Builtin Markdown features

Mr.Hope ... February 25, 2021 20:25 Basic
  • Markdown
About 3 min

Here are some enhance VuePress makes on Markdown syntax.

# Header Anchors

Headers automatically get anchor links applied.

Internal links are converted to <router-link> for SPA navigation. Also, every README.md or index.md contained in each sub-directory will automatically be converted to index.html, with corresponding URL /.

For example, given the following directory structure:

.
├─ README.md
├─ foo
│  ├─ README.md
│  ├─ one.md
│  └─ two.md
└─ bar
   ├─ README.md
   └─ three.md
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And providing you are in foo/one.md:

[Home](../) <!-- Sends the user to the root README.md -->
[foo](./) <!-- Sends the user to index.html of directory foo -->
[foo heading](./#heading) <!-- Anchors user to a heading in the foo README file -->
[bar - three](../bar/three.md) <!-- You can append .md (recommended) -->
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Note

We always recommend that you use relative links in the document to connect to other parts of the document.

Outbound links automatically get target="_blank" rel="noopener noreferrer", and add an external icon:

# Frontmatter

YAML frontmatter (opens new window) is supported out of the box:

The frontmatter must be at the top of the Markdown file, and must take the form of valid YAML set between triple-dashed lines. Example:

---
title: Blogging with VuePress
lang: en-US
---
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Between the triple-dashed lines, you can set variables. These variables can be used via the $frontmatter variable. This data will be available to the rest of the page, along with all custom and theming components.

# Alternative frontmatter Formats

VuePress also supports JSON and TOML (opens new window) frontmatter syntax.

JSON frontmatter needs to start and end in curly braces:

---
{ "title": "Blogging Like a Hacker", "lang": "en-US" }
---
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TOML frontmatter needs to be explicitly marked as TOML:

---toml
title = "Blogging Like a Hacker"
lang = "en-US"
---
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---
title: Blogging Like a Hacker
lang: en-US
---
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# Table of Contents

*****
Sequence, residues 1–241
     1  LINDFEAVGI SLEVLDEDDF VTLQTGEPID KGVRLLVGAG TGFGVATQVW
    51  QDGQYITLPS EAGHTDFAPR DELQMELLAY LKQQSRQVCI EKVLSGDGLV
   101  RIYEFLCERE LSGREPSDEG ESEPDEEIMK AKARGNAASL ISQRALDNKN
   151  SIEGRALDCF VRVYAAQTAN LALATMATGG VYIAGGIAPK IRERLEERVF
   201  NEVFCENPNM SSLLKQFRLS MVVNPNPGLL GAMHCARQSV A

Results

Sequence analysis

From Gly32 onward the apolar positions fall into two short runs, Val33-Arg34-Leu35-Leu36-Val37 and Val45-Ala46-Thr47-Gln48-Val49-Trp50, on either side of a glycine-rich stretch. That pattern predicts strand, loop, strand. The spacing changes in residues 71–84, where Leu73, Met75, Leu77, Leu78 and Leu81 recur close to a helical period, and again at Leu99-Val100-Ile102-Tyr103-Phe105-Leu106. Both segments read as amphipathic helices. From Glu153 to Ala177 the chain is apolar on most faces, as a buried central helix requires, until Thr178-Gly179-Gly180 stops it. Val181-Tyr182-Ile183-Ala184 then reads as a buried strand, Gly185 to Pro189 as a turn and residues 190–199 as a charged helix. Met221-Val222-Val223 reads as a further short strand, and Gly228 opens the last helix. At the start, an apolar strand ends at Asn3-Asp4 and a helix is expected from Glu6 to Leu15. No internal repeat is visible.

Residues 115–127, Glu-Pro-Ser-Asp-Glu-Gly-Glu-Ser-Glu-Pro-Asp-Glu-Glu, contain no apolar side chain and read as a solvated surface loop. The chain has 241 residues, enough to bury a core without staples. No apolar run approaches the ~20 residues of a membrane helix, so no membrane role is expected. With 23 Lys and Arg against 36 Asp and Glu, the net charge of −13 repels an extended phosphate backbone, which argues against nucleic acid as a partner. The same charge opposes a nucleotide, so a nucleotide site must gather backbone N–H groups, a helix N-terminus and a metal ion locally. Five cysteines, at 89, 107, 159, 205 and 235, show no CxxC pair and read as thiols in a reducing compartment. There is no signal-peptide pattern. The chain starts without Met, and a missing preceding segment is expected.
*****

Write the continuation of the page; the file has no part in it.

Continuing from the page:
Input:


[[toc]]

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Output:

# Custom Containers default theme

Custom containers can be defined by their types, titles, and contents.

# Default Title

Input:

::: tip

This is a tip

:::

::: warning

This is a warning

:::

::: danger

This is a dangerous warning

:::

::: details

This is a details block, which does not work in IE / Edge

:::
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Output:

Tips

This is a tip

Note

This is a warning

Warning

This is a dangerous warning

DETAILS

This is a details block, which does not work in IE / Edge

# Custom Title

Input:

::: danger STOP

Danger zone, do not proceed

:::

::: details Click me to view the code

```js
console<span class="token punctuation">.</span><span class="token function">log</span><span class="token punctuation">(</span><span class="token string">"Hello, VuePress!"</span><span class="token punctuation">)</span><span class="token punctuation">;</span>
```

:::
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Output:

STOP

Danger zone, do not proceed

Click me to view the code
console.log("Hello, VuePress!");
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# Syntax Highlighting in Code Blocks

VuePress uses Prism (opens new window) to highlight language syntax in Markdown code blocks, using coloured text. Prism supports a wide variety of programming languages. All you need to do is append a valid language alias to the beginning backticks for the code block:

Demo

Input:

``` js
export default {
  name: 'MyComponent',
  // ...
}
```
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Output:

export default {
  name: "MyComponent",
  // ...
};
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Input:

``` html
<ul>
  <li
    v-for="todo in todos"
    :key="todo.id"
  >
    {{ todo.text }}
  </li>
</ul>
```
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Output:

<ul>
  <li v-for="todo in todos" :key="todo.id">{{ todo.text }}</li>
</ul>